Turks rally for secularism

11.jpgTens of thousands of Turks have rallied in the northern city of Samsun in the latest of a series of weekly pro-secular demonstrations against the government ahead of elections.

 

Television pictures showed protesters on Sunday brandishing Turkish flags and portraits of Mustafa Kemal Ataturk, modern Turkey’s secularist founder.

 

One organiser said that between 20,000 and 30,000 people had gathered, boosted by last week’s electoral agreement between centre-left parties against the ruling Justice and Development (AKP) party for the July 22 poll.

 

Deniz Baykal, head of the main opposition Republican People’s party (CHP), and Zeki Sezer, his counterpart in the Democratic Left party (DSP), were due to attend Sunday’s demonstration together.

 

The choice of Samsun as the venue for the latest protest was symbolic.

 

It was in the Black Sea port city 88 years ago that Ataturk launched a liberation movement against the British, French, Italian and Greek troops occupying Turkey after the defeat of the Ottoman Empire in the first world war.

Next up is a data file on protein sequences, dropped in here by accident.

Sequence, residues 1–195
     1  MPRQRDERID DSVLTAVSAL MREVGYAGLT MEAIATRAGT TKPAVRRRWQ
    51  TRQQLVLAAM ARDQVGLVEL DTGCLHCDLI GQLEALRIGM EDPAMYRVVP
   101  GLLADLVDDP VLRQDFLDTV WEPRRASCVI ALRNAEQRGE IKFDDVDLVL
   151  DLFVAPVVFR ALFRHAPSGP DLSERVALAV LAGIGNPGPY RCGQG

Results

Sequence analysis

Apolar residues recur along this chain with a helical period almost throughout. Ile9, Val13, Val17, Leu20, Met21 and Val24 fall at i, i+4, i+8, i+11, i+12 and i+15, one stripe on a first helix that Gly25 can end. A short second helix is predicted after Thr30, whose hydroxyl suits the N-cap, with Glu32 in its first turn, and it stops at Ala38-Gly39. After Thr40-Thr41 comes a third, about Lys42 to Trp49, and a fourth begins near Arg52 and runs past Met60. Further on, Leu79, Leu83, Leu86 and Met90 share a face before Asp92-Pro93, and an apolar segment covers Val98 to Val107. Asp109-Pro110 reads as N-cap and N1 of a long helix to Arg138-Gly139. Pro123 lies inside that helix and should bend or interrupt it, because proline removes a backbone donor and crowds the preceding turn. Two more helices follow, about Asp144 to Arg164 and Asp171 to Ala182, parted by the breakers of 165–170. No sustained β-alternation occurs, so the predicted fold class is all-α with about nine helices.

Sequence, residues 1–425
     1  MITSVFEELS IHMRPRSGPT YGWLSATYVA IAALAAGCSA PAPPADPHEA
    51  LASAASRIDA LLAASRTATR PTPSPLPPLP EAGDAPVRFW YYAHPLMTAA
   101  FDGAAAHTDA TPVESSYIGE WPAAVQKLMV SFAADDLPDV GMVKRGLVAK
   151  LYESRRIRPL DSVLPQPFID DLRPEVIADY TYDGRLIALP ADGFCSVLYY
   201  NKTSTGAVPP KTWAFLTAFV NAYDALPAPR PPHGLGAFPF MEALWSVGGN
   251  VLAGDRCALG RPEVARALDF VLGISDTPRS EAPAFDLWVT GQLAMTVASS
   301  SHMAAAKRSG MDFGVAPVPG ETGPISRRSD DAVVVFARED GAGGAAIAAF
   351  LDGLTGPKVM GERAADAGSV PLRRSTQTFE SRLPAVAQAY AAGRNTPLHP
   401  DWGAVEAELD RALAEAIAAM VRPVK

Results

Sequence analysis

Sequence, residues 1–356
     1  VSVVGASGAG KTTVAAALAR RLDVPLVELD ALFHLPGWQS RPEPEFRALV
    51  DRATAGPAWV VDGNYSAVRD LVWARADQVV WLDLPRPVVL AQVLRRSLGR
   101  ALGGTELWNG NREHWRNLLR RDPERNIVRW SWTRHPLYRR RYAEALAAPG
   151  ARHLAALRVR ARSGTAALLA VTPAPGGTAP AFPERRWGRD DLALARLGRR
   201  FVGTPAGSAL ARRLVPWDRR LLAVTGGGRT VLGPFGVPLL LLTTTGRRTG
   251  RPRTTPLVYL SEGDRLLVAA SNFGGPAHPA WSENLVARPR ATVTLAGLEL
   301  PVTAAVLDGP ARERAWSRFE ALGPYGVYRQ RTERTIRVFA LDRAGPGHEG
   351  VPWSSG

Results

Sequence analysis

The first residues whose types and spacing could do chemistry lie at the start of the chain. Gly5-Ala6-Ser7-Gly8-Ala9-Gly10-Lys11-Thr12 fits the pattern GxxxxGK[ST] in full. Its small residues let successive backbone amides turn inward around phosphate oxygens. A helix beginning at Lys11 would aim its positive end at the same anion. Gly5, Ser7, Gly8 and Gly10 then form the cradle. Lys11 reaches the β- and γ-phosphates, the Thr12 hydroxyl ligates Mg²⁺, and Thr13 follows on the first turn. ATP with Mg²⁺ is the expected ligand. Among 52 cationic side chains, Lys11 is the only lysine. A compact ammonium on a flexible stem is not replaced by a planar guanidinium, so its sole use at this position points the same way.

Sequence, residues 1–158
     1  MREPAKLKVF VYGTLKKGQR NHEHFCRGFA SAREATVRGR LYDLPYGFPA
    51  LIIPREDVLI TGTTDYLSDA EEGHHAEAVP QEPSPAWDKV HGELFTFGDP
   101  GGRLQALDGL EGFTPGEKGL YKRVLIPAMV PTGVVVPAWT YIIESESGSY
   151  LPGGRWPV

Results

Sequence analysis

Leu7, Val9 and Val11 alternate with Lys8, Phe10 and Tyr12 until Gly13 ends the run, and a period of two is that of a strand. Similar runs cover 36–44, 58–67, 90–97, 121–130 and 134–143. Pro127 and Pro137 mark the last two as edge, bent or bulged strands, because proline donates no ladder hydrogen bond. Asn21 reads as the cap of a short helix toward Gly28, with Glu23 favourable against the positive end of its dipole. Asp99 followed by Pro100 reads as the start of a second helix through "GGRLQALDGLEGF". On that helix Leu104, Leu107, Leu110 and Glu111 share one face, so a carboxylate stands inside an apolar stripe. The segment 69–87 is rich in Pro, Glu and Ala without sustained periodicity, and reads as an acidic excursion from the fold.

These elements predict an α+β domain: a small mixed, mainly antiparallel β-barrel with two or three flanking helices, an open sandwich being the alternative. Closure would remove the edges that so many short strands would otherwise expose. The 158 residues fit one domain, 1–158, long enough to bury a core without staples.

The rallies began last month after the AKP chose Abdullah Gul, the foreign minister, as its candidate for president.

 

The AKP failed to hold a parliamentary vote making Gul president, as a boycott by the opposition meant a quorum could not be attained.

 

The existing president is Ahmet Necdet Sezer.

 

The turmoil, exacerbated by a warning from the military that it stood ready to defend the secular order, forced Recep Tayyip Erdogan, the prime minister, to bring legislative elections forward to July 22 from November.

 

Opinion polls, however, suggest that the AKP is still Turkey’s most popular party.

 

Despite its Islamist roots, the party has pledged commitment to secularism and carried out reforms that secured the opening of membership talks with the EU and stabilised the economy.

 

Opponents say the party still harbours Islamist ambitions, pointing at AKP policies such as opposition to a ban on the headscarf in universities and public offices, encouragement of religious schools and a failed attempt to restrict alcohol sales.

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